US and S Korea agree to deploy controversial missile defence system
July 8, Washington: The United States and South Korea have agreed to deploy a controversial missile defence system, in the wake of intensifying threats from North Korea.
According to a statement, the Terminal High Altitude Area Defense (THAAD) anti-missile system will be deployed solely to counter the threat from Pyongyang.
The announcement comes after North Korea denounced US sanctions on Kim Jong-un, calling it an "open declaration of war", after the leader was accused of human rights abuses.
The US had put sanctions onto the leader for the first time, calling him directly responsible for violations in his country.
It is unclear exactly where it would be sited and who would have final control.
Discussions began in February after North Korea fired a long range missile, but China has consistently objected, media reports said.
The THAAD system would be able to detect North Korean missiles and shoot them down, but China says it would seriously damage the security interests of countries in the region.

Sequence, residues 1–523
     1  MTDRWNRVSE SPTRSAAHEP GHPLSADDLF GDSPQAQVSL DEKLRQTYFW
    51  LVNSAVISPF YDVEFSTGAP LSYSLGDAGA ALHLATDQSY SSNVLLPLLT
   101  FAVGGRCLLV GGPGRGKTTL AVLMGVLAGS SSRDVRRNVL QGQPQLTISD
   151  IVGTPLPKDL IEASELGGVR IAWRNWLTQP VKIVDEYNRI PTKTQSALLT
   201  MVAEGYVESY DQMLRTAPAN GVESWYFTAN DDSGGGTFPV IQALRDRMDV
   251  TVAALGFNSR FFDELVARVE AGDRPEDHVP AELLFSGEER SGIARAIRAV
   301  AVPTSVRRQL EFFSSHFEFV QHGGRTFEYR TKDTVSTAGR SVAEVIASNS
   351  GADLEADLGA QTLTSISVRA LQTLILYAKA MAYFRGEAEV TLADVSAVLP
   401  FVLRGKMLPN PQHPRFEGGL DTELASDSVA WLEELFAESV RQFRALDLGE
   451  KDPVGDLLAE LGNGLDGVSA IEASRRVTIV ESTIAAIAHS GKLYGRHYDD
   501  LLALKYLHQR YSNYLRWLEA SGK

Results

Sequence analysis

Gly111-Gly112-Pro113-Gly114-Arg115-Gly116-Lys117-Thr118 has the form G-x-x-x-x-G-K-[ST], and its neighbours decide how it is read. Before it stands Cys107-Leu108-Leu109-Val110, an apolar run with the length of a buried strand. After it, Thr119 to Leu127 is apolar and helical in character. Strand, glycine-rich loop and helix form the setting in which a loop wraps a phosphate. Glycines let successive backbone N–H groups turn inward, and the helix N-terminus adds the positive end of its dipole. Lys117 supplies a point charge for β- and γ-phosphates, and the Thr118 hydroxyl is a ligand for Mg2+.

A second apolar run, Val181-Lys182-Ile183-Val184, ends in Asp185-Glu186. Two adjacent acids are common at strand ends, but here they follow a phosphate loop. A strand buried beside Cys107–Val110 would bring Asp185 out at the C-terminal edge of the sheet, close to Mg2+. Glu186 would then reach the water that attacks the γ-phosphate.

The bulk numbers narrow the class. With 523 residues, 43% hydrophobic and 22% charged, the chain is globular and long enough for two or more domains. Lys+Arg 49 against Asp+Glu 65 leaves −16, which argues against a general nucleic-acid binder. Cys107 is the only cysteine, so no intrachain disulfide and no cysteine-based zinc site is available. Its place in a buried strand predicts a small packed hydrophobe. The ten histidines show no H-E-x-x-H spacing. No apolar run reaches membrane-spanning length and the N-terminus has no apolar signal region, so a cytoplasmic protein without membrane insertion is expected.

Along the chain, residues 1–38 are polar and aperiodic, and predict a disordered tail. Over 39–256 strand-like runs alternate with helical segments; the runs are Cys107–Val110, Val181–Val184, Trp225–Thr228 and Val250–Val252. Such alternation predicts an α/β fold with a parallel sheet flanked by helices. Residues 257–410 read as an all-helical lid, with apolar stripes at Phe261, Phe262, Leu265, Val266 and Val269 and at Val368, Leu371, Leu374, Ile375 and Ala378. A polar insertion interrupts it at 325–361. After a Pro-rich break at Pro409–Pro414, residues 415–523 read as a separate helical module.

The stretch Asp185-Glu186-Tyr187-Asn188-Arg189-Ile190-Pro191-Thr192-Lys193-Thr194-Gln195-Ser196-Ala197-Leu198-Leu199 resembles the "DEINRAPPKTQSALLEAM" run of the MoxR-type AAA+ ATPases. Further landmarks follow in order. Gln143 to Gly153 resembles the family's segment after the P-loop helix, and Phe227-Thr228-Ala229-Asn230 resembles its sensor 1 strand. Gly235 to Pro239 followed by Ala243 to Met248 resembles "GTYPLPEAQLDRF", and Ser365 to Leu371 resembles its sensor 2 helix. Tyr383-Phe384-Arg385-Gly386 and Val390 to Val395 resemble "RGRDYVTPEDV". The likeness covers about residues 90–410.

According to news agency Yonhap, Pyongyang has warned that it will close down all diplomatic channels with the US unless the blacklisting is revoked.
The measures freeze any property the individuals have in the US and prevent US citizens doing business with them.
It estimates that between 80,000 and 120,000 prisoners are being held in North Korean prison camps where torture, sexual assault and executions are routine, BBC reproted.
The Oslo Times International News Network